Vertical banner; tinted photo of John G. Morrison in front of waving US flag.

We proudly Honor
John G. Morrison

In 2016 a Troy Military Banner Committee was formed to honor veterans around the City of Troy.

Robarge, Mark. “Group of friends organizing effort to honor Troy’s veterans.” Troy Record. September 2, 2016.

The Lansingburgh Historical Society is sponsoring one such banner for John G. Morrison, who lived a good part of his life in Lansingburgh. City Directories locate him at a number of different places in the Burgh over the years, including in 1864: John [4th Ave] near Canal [120th St]; in 1874: Hill [Eighth Ave] near Lansing [112th St]; in 1875: 461 East [Seventh Ave]. In 1943 the USS Morrison was named for him; it was destroyed by a Japanese Mitsubishi A6M “Zeko,” AKA a “Zero” in 1945. A picture of the USS Morrison is hanging in the Lansingburgh Branch Library.

John Gordon Morrison (1842-1897)
Cypress Hills Cemetery, Brooklyn

Civil War Diary of John G. Morrison

“The Mystery of the ‘Looted Civil War Book’ – Solved.” The Jesuit Provenance Project: Uncovering the History Behind Loyola University Chicago’s First Library Catalogue. April 13, 2014.

☞ CHANGES IN THE POLICE.—We regret to learn that John G. Morrison, and Alexander Gillespie, two of the most popular and efficient members of the Capital Police force of this village, have resigned their situations, and intend to engage in the business of brush manufacturing. The gentlemen referred to, sent in their resignations to the Commissioners last Friday. Mr. G. will go to Boston, and he in the employ of Mr. White, a prominent brush manufacturer at that place, (who has also a manufactory at Portland, Maine,) and Mr. Morrison will remain in this village.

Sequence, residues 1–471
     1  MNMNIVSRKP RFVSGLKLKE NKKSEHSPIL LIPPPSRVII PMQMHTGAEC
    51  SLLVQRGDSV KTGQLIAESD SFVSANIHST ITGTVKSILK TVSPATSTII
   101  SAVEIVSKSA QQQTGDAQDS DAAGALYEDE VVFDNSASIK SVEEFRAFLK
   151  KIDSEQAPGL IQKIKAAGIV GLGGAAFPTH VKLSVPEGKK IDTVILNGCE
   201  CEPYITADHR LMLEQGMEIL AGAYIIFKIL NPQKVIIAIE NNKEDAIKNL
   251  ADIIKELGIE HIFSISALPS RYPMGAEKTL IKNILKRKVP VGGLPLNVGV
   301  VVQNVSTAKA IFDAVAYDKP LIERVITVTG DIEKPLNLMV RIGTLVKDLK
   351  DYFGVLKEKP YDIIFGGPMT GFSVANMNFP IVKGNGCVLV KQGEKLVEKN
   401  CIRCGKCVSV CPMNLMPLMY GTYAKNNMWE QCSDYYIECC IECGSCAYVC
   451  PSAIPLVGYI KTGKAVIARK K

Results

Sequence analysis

The places of the policemen named will probably be supplied by Robert Rae and James Flynn, both returned volunteers from the United States service, and who will, no doubt, exert their best endeavors to fill the places of their predecessors.
Lansingburgh Weekly Chronicle. November 7, 1865: 3 col 1.

☞ LANSINGBURGH—NEW HOSE CARRIAGE—POLICE APPOINTMENT.—A project is on foot to organize a new hose carriage company to be called the “Ed. Tracy hose company.” Mr. Tracy has subscribed liberally. It is in the hands of several young and respectable men of the village, and ought to meet with success.—Mr. Brady, one of the best men on the police force, has been compelled to resign on account of ill-health. Last night the Police Commissioners appointed in his stead John G. Morrison, better known as “Sebastopol,” he having fought [in the Crimean War] in the French army at the taking of the Malakoff tower [September 8, 1855] under the gallant French commander [Pierre] Bosquet, in which he received several flesh wounds. He also fought [in the Second Italian War of Independence] in the battle of Magenta [June 4, 1859], and consequently ought to make a good policeman.
Troy Daily Times. December 8, 1871: 3 col 1.

Some Modest Medal-of-Honor Men
Ribbon and Knot, Just Authorized, for the Army Only—Bluejackets Forgotten.

Medal-of-honor men who served in the navy in the civil war will not get the official ribbon and knot authorized by the last Administration to be worn with the medal of honor. In January Thomas E. Corcoran, who received his medal from Gideon Welles before the war was over, wrote to the War Department for the ribbon and knot which he understood was to be issued. Secretary Lamont returned the letter with the indorsement, “For the army only.”